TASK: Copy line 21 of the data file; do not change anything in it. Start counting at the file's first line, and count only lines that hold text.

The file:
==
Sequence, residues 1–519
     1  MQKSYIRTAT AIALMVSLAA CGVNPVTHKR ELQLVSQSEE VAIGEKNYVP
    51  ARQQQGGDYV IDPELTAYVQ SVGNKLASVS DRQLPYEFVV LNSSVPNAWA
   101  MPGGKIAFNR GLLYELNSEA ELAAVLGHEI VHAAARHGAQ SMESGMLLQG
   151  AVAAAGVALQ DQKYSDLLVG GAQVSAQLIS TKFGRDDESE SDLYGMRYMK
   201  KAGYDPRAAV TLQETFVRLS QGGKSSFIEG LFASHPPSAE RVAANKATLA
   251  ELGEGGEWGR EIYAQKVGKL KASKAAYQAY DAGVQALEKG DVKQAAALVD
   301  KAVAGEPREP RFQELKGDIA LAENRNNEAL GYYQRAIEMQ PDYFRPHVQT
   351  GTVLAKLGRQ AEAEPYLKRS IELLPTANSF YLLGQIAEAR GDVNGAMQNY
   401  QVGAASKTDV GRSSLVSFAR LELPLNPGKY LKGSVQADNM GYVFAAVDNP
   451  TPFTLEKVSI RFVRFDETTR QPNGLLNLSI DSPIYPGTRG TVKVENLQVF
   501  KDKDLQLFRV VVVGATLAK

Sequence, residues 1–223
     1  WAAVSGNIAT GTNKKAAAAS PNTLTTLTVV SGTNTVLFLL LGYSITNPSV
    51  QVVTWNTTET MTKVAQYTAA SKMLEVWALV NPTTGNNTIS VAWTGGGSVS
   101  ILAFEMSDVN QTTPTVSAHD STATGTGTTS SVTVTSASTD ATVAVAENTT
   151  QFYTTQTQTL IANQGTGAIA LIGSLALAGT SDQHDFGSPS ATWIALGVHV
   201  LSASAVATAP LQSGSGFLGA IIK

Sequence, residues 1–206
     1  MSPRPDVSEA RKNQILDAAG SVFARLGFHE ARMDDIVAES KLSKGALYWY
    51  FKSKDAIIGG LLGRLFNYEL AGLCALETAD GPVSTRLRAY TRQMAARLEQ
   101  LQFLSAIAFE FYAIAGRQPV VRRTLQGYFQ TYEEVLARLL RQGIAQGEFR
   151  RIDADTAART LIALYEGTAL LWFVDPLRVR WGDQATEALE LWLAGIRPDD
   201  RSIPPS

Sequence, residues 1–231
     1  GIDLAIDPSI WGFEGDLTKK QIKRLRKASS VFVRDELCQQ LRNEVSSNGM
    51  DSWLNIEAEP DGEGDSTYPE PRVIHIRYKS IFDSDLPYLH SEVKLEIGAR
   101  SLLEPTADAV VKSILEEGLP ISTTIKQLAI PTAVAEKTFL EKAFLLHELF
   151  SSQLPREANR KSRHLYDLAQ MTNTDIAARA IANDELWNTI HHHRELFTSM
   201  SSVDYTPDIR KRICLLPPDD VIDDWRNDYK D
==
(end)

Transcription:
    51  FKSKDAIIGG LLGRLFNYEL AGLCALETAD GPVSTRLRAY TRQMAARLEQ